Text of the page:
She was old enough that even professors like Tiemaktamiek would likely listen to her, at least a little bit. “Professor, it’s important that we Bitrani from the enclaves are on time to all our classes. It’s important that we understand the coursework, of course, but our attendance is required, or our families will be punished.”
“So go to class. What does it matter to me? You, Maireana, you’re in my class right now; are you worried I’m going to mark you late?”
“No, sir.” She lifted her chin. “I’m worried that you’re going to cause Saydrie undue distress by putting him at risk of having his family split up, his letters to his mother monitored, and his home destroyed.”
That was… that was like something out of a play, or out of the dramas you sometimes found shelved in the history section. Saydrie eyed Maireana sidelong, but she seemed entirely serious.
Instructor Tiemaktamiek cleared his throat, looking very uncomfortable. “I’ve heard that failing a class can reflect badly on your enclaves, but-”
“It’s in the Enclave Law, sir.” Falivia was very polite about it. “Reflecting badly on our enclaves in any way can easily mean that we don’t see our family again. Ever.”
They were – they were telling the truth, that was the thing. They were painting a specific corner of the truth in such a way as to make it sound as bad as possible, yes. But those things could happen.
“I work very hard at keeping my grades up, Instructor, and I would never cheat, because either of those things could lead to me being expelled,” he added, entirely sincerely and completely honestly. “I’m willing to discuss my paper after class, but I really do need to get to my first class now…?”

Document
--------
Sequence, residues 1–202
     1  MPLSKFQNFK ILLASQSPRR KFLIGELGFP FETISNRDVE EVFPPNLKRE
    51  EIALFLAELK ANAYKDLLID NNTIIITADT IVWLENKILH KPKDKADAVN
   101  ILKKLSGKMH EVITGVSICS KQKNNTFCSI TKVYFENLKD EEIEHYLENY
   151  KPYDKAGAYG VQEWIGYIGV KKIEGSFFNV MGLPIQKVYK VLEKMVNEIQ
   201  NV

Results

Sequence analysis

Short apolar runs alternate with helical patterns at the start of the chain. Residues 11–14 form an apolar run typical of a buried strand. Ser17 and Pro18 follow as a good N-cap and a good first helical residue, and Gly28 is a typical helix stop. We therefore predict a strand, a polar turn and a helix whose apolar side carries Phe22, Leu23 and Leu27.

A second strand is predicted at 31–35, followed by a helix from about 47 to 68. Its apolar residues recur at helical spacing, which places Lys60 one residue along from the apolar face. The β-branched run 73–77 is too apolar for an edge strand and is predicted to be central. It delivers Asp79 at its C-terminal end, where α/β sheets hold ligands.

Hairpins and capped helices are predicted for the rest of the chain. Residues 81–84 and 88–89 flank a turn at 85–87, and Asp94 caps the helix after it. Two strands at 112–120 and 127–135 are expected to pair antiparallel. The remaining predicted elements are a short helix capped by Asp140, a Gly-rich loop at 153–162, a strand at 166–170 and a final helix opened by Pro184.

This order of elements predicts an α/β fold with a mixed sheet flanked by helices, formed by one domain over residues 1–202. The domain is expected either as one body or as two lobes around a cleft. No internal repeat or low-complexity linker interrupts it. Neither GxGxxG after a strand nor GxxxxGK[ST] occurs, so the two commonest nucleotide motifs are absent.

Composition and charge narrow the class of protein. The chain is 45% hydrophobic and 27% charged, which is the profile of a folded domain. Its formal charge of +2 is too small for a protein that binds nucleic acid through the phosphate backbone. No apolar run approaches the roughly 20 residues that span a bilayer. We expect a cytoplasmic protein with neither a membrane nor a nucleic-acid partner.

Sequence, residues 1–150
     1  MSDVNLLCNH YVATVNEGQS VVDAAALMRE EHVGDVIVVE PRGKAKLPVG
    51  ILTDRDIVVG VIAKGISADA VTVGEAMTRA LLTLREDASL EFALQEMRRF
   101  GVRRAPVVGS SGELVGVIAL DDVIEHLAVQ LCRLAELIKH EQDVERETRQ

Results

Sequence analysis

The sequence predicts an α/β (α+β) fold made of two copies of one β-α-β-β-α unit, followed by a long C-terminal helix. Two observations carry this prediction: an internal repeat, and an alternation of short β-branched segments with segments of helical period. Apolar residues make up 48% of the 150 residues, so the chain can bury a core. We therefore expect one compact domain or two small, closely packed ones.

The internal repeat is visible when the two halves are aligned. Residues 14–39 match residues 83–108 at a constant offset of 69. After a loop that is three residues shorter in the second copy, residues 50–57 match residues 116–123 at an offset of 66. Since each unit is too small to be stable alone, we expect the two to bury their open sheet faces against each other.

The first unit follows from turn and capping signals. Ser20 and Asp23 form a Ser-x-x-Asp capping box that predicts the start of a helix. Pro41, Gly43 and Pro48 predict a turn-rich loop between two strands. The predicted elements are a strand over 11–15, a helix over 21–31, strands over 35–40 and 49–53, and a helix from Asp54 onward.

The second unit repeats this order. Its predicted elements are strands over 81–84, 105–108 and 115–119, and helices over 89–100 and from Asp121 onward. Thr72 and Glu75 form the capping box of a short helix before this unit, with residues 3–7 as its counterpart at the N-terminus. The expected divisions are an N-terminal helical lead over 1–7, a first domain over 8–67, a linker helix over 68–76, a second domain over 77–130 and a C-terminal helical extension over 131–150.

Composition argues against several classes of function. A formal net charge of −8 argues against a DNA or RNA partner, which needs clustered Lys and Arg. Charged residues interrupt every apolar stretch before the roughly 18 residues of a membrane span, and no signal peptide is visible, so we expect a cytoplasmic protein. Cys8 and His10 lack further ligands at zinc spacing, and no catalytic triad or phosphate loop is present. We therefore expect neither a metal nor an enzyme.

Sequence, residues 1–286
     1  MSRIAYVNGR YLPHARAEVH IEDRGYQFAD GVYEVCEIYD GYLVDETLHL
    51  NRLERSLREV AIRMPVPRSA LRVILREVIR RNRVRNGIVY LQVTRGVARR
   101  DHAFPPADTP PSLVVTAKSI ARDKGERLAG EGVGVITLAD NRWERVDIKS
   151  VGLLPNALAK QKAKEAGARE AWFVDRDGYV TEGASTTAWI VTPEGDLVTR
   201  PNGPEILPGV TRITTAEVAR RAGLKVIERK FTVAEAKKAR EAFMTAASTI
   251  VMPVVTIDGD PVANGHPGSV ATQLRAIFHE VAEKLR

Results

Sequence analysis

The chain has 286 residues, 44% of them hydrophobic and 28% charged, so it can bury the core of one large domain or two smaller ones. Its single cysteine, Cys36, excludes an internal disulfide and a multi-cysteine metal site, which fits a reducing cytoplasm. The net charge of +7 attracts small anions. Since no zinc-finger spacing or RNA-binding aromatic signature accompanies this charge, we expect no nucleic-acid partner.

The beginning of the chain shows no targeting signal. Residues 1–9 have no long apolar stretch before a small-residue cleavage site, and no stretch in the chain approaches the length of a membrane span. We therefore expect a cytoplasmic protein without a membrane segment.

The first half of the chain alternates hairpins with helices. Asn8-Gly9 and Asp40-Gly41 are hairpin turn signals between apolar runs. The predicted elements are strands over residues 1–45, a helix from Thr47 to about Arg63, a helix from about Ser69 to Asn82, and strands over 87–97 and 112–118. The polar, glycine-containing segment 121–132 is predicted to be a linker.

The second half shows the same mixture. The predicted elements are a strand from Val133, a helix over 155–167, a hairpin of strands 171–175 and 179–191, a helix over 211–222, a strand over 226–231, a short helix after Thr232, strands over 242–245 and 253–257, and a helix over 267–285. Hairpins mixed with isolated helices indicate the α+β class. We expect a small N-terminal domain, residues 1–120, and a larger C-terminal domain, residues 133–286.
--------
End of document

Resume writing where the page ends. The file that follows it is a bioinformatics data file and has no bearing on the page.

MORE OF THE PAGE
“Yes, of course. Taken from your families? Really? So young?”
“Yes, sir,” Maireana answered patiently. “And placed wherever the Bitrani Enclave Service feels is appropriate. Sometimes in the far north.”
Now that one – that one was pretty rare, at least. But that didn’t mean that it wasn’t true. She’d said “sometimes”, after all. Right?
“Instructor?” Saydrie was growing increasingly uncomfortable.
“Your paper was absolutely fine, Zaydrie. Exemplary. And since you seem to know your sources,” he coughed, “I suppose it’s unlikely that anyone else did it for you. Still, do make that more clear next time. Yes, you may go to class. Please hurry.”
Saydrie hurried – at least, he hurried away from Instructor Tiemaktamiek. He didn’t expect that this change of heart would last long, after all, and he wanted to be sure he was out of the way before the Professor came up with something else to scold him about.
“Ugh.” Falivia made a face. “That is – I hate it when they do that. ‘This paper is too good. How did you manage to do it yourself?’”
“’Who helped you?’” Maireana added. “‘Are you getting secret tutoring from another instructor?’ When all of the instructor are doing the same thing, who do they think is going to tutor us?”
“Maybe the stablemaster?” Saydrie offered. “He’s very nice.”
Maireana chuckled, startled. “That never would have occurred to me. Well, here are your friends. We’ll leave you to it.”
“Thank you.” Saydrie turned to face both of them. “I mean it. Thank you. And you.” Gianci had just been trailing along; now he smirked.
“You know why I did it. But you’re welcome — I know that much Bitrani at least.”
He blew a kiss at Enrie over Saydrie’s shoulder and hurried off, leaving the two Bitrani girls chasing him, complaining about him learning Bitrani.
Saydrie was surprised to find he was smiling. It wasn’t how he’d expected the day to go, not by a long shot, but it was turning out better than he’d expected.